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Reason

Reason August - September 2018

Reason is the monthly print magazine of "free minds and free markets." It covers politics, culture, and ideas through a provocative mix of news, analysis, commentary, and reviews. Reason provides a refreshing alternative to right-wing and left-wing opinion magazines by making a principled case for liberty and individual choice in all areas of human activity.

País:
United States
Idioma:
English
Editor:
Reason Magazine
Periodicitat:
Monthly
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11 Números

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6 min.
black bodies, radical politics, and rebellious robots

“CUDJO MEETEE DE people at de gate and tellee dem, ‘You see de rattlesnake in de woods?’ Dey say ‘Yeah.’ I say ‘If you bother wid him, he bite you. If you know de snake killee you why you bother wid him? Same way with my boys, you unnerstand me.’” With these words, Cudjo Lewis—né Oluale Kossula—explains his childrearing philosophy to an upstart anthropologist named Zora Neale Hurston in 1927. Captured by a neighboring tribe as a young adult in Africa, purchased by whites, and smuggled to U.S. soil 50 years after the Atlantic slave trade was outlawed, Lewis was freed just five years later in the wake of the Civil War and went on to have a family, found a town, and grow old in the Jim Crow era. And at…

2 min.
fda may soon allow mdma prescriptions for ptsd

“I WAS FINALLY able to process all the dark stuff that happened,” Nicholas Blackston, a Marine veteran who served in Iraq, told The New York Times, describing his experience with MDMA-assisted psychotherapy. “I was able to forgive myself. It was like a clean sweep.” MDMA, which was banned by the Drug Enforcement Administration in 1985, could be available by prescription as soon as 2021. The rehabilitation of MDMA, a.k.a. “ecstasy” or “molly,” is directly related to the rehabilitation of veterans like Blackston, who participated in a study that confirmed the drug’s potential as a catalyst for catharsis. The trial was sponsored by the Multidisciplinary Association for Psychedelic Studies (MAPS) and reported on May 1 in The Lancet Psychiatry. It involved 22 military veterans, three fire-fighters, and one police officer, all of whom…

2 min.
a second chance for people with criminal records

FOR MANY OF the roughly 600,000 Americans to be released from prison this year, the best predictor of whether they become law-abiding citizens is their ability to land a job. Unfortunately, state licensing laws often shut the formerly incarcerated out of work. While there is wide variance in licensing requirements across the states, more than 10,000 individual regulations prohibit people with criminal records from working in dozens of professions. Some of the restrictions make sense. Banning a person convicted of harming children from working in a day care probably strikes the right balance. But in Maryland, a misdemeanor conviction means you can’t work as a cosmetologist, a plumber, or a fortune teller (what won’t Maryland regulate?). In Nebraska, a misdemeanor is grounds to deny a license in massage therapy, and in…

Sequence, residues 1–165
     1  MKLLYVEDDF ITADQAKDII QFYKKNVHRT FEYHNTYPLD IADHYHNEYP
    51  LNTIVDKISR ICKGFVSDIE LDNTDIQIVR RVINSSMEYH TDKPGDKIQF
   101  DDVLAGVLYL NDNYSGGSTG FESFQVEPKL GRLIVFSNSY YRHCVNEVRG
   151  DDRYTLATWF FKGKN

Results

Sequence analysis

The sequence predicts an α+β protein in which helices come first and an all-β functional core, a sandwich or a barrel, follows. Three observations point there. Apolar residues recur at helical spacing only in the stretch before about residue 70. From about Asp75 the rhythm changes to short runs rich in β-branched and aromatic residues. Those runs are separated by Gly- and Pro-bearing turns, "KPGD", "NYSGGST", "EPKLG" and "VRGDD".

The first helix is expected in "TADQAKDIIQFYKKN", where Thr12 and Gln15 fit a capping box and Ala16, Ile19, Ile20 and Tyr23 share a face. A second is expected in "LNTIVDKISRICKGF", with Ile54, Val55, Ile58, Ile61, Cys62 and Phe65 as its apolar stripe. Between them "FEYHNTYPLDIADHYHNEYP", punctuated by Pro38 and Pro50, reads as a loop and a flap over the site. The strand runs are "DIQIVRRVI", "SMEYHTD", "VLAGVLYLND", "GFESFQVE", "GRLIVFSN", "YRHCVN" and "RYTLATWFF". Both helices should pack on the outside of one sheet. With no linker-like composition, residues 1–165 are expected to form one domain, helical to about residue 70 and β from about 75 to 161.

4 min.
scotland levies new taxes on working-class drinkers

IN AN OLD joke, a little boy climbs onto his father’s knee. “Daddy,” he says, his wide eyes bright with optimism. “Now that alcohol is so expensive, does that mean you’ll drink less?” The father laughs. “No, my son,” he replies. “It means you’ll eat less.” In May, Scotland decided to test this joke on a national scale when it became the first country in the world to implement “minimum-unit pricing.” The policy sets a price floor for alcohol at 50 pence (approximately 68 U.S. cents) per unit—i.e., 10 milliliters of pure booze. (A standard 25-milliliter shot of 40 percent whiskey is one unit; a standard 175-milliliter glass of 14 percent wine is 2.4 units.) That threshold won’t affect the price of premium products, such as Champagne, fine wine, and craft beer, which all…

6 min.
slavery did not make america rich

IN HIS SECOND inaugural, Abraham Lincoln declared that “if God wills that [the Civil War] continue until all the wealth piled by the bondsman’s 250 years of unrequited toil shall be sunk…as was said 3,000 years ago, so still it must be said, ‘the judgments of the Lord are true and righteous altogether.’” It is a noble sentiment. Yet the economic idea implied—that exploitation made us rich—is mistaken. Slavery made a few Southerners rich; a few Northerners, too. But it was ingenuity and innovation that enriched Americans generally, including at last the descendants of the slaves. It’s hard to dispel the idea embedded in Lincoln’s poetry. TeachUSHistory.org assumes “that northern finance made the Cotton Kingdom possible” because “northern factories required that cotton.” The idea underlies recent books of a new King Cotton…

2 min.
good riddance to trump’s border bouncer

JUNE WILL SEE the end of U.S. Immigration and Customs Enforcement (ICE) Acting Director Tom Homan’s brief but controversial tenure heading the agency. Homan is the chief architect, among other things, of the administration’s policy of taking kids from their border-jumping parents. The main reason he is quitting is that lawmakers were planning to use his confirmation hearings to air his record. Homan, who started as a border patrol agent in 1985, was White House Chief of Staff John Kelly’s choice to run the agency because Homan is a true believer in President Trump’s immigration agenda. He informed Congress last year that he intended to go after anyone in the country without authorization, not just those who have committed a serious crime while here. “If you’re in this country illegally and…